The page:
The Rajapaksa brothers should weigh the options carefully.
Fiscal deficit of 9.75 per cent and the public debt at 86 percent of GDP give number crunching high to Ajith Niward Cabrals and make the IMF programme appear as ‘the anchor in today’s day and age’. Such despair always has a rub off affect. But politicians are not economists; they are accountable to the people, who have reposed their faith in their leadership.
Restructuring, revamping, and reforming appear tantalizingly close to nirvana (like they did to India in 1991- the year when it had to mortgage its gold for a few million dollars in the land of material comfort). But, it is not nirvana per se- for the political master and the proletariat alike. Certainly, in these days, when the presiding deities in the land of opportunities have picked up the long forgotten Third Word rhetoric – job securities and protections at the market place.
So, instead of getting bogged down in the search for a Stephen Solarz DNA in the ICG report, the Rajapaksa brothers will do well to get down to governance of the country. Painting India as the villain pushing Colombo for the full execution 1987 Accord serves no good. Selling dreams and Chintanas are passé. It is time for action to achieve a quick turn around of the economy.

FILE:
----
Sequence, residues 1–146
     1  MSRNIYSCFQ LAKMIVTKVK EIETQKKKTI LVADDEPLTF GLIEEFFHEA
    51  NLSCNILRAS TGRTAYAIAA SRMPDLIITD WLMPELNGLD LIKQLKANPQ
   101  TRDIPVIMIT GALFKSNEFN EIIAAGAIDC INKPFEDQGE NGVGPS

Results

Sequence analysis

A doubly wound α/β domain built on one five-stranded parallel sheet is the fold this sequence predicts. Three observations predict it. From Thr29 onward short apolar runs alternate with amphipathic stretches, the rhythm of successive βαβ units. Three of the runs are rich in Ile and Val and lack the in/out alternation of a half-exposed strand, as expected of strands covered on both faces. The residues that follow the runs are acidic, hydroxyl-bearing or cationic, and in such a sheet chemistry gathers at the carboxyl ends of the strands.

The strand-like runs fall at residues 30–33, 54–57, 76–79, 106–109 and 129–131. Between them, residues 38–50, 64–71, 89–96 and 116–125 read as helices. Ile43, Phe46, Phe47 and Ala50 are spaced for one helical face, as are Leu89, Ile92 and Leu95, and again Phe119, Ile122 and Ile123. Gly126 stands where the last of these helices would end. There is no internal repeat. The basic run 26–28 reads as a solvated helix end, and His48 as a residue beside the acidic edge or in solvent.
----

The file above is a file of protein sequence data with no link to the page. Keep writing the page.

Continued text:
Instead of bending backward to satisfy the IMF with a subsidy less road map, energies should be diverted to win over the Tamil Diaspora with the big pockets and big seats of influence. Economic down turn is the best time to push ahead with political reforms. And to achieve political empowerment that enthuses the ethnic minorities at home and abroad.
Brand names matter little more so since devolution, like federalism, is a bad word in the Lankan lexicon, with sections equating devolution with lunacy. What matters is the end result – clarity of vision and capability to carry the marginalized sections into the mainstream.
Delays will lead to frittering away the gains of May 2009.